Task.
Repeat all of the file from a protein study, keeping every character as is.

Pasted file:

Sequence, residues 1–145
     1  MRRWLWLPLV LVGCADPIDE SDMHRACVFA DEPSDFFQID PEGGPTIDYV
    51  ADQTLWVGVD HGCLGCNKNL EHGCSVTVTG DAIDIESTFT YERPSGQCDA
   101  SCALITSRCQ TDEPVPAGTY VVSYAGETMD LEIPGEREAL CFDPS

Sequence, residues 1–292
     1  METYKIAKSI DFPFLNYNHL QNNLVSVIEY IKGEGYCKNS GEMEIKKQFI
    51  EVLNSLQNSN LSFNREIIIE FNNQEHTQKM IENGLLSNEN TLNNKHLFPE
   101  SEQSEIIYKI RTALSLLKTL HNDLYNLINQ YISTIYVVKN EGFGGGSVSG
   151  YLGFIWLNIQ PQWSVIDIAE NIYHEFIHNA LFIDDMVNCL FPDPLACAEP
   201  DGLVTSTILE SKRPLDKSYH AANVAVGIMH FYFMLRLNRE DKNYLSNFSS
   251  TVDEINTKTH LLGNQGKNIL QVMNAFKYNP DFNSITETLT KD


Sequence, residues 1–145
     1  MRRWLWLPLV LVGCADPIDE SDMHRACVFA DEPSDFFQID PEGGPTIDYV
    51  ADQTLWVGVD HGCLGCNKNL EHGCSVTVTG DAIDIESTFT YERPSGQCDA
   101  SCALITSRCQ TDEPVPAGTY VVSYAGETMD LEIPGEREAL CFDPS

Sequence, residues 1–292
     1  METYKIAKSI DFPFLNYNHL QNNLVSVIEY IKGEGYCKNS GEMEIKKQFI
    51  EVLNSLQNSN LSFNREIIIE FNNQEHTQKM IENGLLSNEN TLNNKHLFPE
   101  SEQSEIIYKI RTALSLLKTL HNDLYNLINQ YISTIYVVKN EGFGGGSVSG
   151  YLGFIWLNIQ PQWSVIDIAE NIYHEFIHNA LFIDDMVNCL FPDPLACAEP
   201  DGLVTSTILE SKRPLDKSYH AANVAVGIMH FYFMLRLNRE DKNYLSNFSS
   251  TVDEINTKTH LLGNQGKNIL QVMNAFKYNP DFNSITETLT KD